| 11.2°C Belfast

Close

Premium

Dad's death at just 57 prompted Declan Lawn to give up journalism to pen scripts for TV... now he's co-writer on top BBC drama The Salisbury Poisonings

Declan Lawn was an investigative reporter for Panorama and Spotlight, but dreamt of being a screenwriter. He tells David O'Dornan about the family tragedy that persuaded him to quit a steady job - and how his wife supported him every step of the way

Close

Declan Lawn

Declan Lawn

Natalie Klamar and Wayne Swann in The Salisbury Poisonings

Natalie Klamar and Wayne Swann in The Salisbury Poisonings

BBC/Dancing Ledge/James Pardon

A scene from The Salisbury Poisonings

A scene from The Salisbury Poisonings

BBC/Dancing Ledge/James Pardon

The Salisbury Poisonings

The Salisbury Poisonings

BBC/Dancing Ledge/Huw John

Declan with screenwriting partner Adam Patterson

Declan with screenwriting partner Adam Patterson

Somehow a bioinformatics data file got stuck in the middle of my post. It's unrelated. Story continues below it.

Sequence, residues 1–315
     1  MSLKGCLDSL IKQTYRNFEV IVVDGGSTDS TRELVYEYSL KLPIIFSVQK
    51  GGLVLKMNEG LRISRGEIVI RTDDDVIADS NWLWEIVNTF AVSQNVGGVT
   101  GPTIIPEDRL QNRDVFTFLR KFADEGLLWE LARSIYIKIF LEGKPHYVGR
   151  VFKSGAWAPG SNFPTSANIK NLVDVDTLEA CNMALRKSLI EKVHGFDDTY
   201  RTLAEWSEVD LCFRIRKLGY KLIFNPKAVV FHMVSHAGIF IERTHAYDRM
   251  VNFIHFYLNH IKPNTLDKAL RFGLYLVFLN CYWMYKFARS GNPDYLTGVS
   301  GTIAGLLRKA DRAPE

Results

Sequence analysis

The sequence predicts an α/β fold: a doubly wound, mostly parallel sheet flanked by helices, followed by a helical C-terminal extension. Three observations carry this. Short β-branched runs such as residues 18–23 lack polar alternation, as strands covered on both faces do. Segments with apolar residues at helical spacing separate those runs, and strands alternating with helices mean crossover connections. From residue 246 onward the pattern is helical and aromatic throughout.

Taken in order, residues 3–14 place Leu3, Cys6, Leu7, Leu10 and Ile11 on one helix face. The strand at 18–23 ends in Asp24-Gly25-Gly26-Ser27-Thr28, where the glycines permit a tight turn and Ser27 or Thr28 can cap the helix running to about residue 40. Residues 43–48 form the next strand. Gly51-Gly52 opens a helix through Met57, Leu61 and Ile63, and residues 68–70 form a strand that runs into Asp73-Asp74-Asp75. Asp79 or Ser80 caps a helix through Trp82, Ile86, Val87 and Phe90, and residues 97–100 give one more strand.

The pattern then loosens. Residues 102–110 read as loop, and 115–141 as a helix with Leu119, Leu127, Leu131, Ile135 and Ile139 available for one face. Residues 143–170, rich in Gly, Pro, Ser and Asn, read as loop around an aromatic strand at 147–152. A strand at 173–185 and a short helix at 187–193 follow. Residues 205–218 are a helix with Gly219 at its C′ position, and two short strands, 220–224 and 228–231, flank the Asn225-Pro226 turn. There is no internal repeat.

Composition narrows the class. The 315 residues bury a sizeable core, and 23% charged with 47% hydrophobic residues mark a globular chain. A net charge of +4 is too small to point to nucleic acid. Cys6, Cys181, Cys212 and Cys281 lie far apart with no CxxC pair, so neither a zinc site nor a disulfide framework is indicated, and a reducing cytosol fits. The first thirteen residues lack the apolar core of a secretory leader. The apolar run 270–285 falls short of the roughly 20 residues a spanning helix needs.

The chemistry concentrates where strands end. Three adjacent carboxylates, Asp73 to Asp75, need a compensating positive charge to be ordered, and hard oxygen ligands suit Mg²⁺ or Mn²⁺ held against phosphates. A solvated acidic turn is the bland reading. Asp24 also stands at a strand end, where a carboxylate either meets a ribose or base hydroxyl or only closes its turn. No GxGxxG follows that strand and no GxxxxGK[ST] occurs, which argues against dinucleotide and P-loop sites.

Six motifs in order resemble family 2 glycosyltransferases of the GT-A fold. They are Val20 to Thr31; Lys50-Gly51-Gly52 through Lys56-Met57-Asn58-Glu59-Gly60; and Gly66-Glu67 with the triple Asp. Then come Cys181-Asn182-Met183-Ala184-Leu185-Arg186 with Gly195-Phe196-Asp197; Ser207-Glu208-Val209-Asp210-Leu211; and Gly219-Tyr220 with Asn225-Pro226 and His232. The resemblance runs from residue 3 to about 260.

Rafe Spall

Rafe Spall

BBC/Dancing Ledge/James Pardon

Sergei Skripal

Sergei Skripal

Yulia Skripal

Yulia Skripal

Dawn Sturgess

Dawn Sturgess

Declan Lawn

Don't give up the day job is a well-worn joke, but the truth is not many people choose to walk away from a steady income and take a risk to follow their dreams.Declan Lawn had already built a formidable reputation as an investigative journalist at the BBC, making programmes for Panorama and Spotlight, when he decided to make a life-changing leap of faith.

He had always harboured a dream to be a screenwriter and, after years of believing in his destiny despite knock-backs along the road, he and his writing partner Adam Patterson will see their real-life drama The Salisbury Poisonings on the small screen this weekend.

The primetime three-part series, starring Shameless actress Anne-Marie Duff, will run for three consecutive nights on BBC1 and is proof positive that Declan's career switching gamble paid off.